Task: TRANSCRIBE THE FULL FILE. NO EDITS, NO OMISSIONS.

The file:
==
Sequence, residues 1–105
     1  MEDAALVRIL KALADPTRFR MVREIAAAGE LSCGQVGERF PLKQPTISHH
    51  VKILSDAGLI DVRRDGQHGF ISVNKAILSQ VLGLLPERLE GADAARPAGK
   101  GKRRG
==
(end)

Sequence, residues 1–105
     1  MEDAALVRIL KALADPTRFR MVREIAAAGE LSCGQVGERF PLKQPTISHH
    51  VKILSDAGLI DVRRDGQHGF ISVNKAILSQ VLGLLPERLE GADAARPAGK
   101  GKRRG